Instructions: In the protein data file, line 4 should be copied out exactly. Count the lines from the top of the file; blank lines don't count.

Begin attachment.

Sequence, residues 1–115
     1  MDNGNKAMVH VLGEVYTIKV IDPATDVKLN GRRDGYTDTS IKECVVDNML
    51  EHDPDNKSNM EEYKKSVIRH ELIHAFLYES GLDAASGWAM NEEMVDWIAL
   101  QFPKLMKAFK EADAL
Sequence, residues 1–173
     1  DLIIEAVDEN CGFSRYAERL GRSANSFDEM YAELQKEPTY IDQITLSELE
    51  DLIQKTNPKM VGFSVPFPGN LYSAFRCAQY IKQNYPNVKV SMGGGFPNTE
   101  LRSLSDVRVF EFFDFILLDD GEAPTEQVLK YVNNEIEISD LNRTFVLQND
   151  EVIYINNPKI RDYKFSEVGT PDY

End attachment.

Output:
   101  QFPKLMKAFK EADAL